An Important Note: The National Survey of Family Growth (where we obtained the data for this story) issues two surveys to “household members” in the US: a “Female Questionnaire” and a “Male Questionnaire”. The survey does include questions regarding sexual orientation and attraction, but does not include any questions regarding gender identity. So although contraception is utilized by a wide variety of people, this article focuses on the questions asked to anyone that self-identified as “female” (out of a binary option) and thus filled out the “Female Questionnaire”. More information on the NSFG survey and our analysis are available in the methods section.

Condoms and The Pill are Go-To’s

For many people, finding a contraceptive method that fit their body and lifestyle took a few tries. Devon, 27, has tried 6 different methods and is still looking for a good fit. The average respondent has tried between 3 and 4 different methods in their lifetime. Since the survey did not ask respondents if they have switched between different types of the same method (e.g., different brands of birth control pills or between the copper and hormonal IUDs), this average may be an underestimate. Still, some methods are more common to try than others. By far the most common methods are condoms and The Pill.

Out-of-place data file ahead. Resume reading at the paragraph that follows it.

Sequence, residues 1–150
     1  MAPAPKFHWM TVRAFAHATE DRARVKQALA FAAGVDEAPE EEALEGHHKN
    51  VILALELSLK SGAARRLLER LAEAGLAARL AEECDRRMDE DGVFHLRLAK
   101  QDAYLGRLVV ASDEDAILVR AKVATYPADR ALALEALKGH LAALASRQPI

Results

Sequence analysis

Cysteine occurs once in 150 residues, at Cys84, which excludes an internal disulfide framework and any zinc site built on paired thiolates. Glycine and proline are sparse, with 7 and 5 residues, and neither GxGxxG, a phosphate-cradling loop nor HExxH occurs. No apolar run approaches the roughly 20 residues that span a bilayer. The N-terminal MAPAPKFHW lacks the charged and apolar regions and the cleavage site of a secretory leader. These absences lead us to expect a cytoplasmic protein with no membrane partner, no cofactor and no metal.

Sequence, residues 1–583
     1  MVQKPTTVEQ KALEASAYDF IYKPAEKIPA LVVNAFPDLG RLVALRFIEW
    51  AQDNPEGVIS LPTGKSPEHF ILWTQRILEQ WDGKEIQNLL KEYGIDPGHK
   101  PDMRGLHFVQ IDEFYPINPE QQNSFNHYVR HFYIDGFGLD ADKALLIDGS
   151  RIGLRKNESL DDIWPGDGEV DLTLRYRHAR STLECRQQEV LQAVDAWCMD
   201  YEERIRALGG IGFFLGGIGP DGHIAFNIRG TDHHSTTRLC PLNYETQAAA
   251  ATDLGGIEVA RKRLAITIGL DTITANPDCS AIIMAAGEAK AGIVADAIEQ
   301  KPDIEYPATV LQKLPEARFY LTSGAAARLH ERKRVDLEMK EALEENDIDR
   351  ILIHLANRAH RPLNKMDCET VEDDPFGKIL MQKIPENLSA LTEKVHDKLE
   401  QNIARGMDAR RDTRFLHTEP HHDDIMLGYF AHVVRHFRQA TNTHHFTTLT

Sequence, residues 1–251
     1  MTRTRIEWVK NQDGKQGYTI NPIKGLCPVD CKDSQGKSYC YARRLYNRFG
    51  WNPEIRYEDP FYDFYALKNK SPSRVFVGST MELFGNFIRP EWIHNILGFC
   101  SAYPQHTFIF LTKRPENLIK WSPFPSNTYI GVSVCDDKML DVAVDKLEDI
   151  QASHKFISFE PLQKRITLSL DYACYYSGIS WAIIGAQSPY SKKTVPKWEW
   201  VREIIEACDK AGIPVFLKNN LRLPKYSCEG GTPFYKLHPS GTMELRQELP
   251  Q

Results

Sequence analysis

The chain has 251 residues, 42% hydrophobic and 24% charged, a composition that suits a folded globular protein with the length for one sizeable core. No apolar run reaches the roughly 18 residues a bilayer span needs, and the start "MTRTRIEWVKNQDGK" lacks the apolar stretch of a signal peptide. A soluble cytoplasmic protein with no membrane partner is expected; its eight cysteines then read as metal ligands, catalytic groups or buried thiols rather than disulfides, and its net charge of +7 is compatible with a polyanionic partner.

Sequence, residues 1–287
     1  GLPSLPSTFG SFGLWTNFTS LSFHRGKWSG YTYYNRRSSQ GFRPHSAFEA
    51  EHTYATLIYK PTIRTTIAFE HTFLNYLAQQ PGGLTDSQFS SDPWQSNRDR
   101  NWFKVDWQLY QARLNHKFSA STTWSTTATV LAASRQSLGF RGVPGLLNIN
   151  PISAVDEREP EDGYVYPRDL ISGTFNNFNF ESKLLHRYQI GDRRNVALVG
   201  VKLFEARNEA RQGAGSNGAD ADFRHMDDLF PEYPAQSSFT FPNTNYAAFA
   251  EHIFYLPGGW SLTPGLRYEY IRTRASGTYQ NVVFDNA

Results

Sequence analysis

Types of Birth Control Used (Ever)

Based on Survey Results

It feels like the first time...

Part of the reason that so many people have used condoms at some point, could have to do with their first experiences with contraception. Condoms are, and have been, the reigning champs of contraception for new-users. Although, they have begun to drop in popularity for first-timers in favor of prescription options such as The Pill and injectable Depo-Provera.

First-Ever Contraceptive Use

Percentage of respondents
by decade of first use